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William Morris and Gabriele D'Annunzio: Kindred Spirits?
Año del Documento
ES: Revista de filología inglesa, 2006, N.27, pags.189-200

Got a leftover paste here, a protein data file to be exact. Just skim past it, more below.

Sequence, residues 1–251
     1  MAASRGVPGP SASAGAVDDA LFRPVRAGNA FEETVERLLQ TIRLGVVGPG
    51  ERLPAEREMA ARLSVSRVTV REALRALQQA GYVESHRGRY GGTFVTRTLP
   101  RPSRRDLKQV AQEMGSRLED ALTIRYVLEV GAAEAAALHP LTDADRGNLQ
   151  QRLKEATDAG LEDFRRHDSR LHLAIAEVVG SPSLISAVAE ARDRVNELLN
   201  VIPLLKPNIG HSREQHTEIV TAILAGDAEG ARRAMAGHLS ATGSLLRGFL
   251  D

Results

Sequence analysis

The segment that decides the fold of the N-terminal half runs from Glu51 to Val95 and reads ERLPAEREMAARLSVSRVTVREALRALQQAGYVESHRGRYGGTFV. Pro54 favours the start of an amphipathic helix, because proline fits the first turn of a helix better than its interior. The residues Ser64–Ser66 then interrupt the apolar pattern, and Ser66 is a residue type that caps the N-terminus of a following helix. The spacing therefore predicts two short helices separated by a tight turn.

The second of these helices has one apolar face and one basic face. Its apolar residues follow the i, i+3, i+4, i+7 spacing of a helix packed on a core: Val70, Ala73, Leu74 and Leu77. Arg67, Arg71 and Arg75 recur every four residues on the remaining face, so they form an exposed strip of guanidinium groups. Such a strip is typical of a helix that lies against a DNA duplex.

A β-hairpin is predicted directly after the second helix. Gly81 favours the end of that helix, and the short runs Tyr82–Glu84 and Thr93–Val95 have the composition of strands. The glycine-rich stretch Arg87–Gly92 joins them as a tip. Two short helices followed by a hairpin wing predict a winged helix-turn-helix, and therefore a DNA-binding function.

In this essay, my aim is to show how, despite a different national background, William Morris's News from Nowhere (1890) and Gabriele D'Annunzio's The Pleasure (1889) reveal a common semantic denominator exemplified by an aesthetic cult of Pre-Raphaelite taste. Not only does interior design prove to be an inexhaustible source of pleasure for both of them, but this motif of idealized compensation in the form of decoration had a special social and cultural significance. Not surprisingly, the Red House (1859) manifested itself as the unfolding of Morris's character in deeds and statements, while "the little red house" (1915) by The Grand Canal in Venice epitomized D'Annunnzio's power of self-expression. Apart from the nostalgic longing for a lost sense of pleasure governing the nineteenth century, these two monumental works show many signs of internal contact, not to say about the relationship of dialogic sort between the Morrisean "Romantic Medusa" in The Earthly Paradise (1868) and D'Annunzio's femme fatale of Il Poema Paradisiaco (1893), female typologies located in a similar pleasure garden. What is more, Morris's and D'Annunzio's literary imaginations are inseparably tied up with Nietzsche's philosophic formula, a vision of totalizing life, measured primarily by the return to an imaginary beautiful homeland, which sheds light on a complex comparison, allowing a variety of textual representations to be investigated as the outstanding examples of Morris's and D'Annunzio's idealisms.
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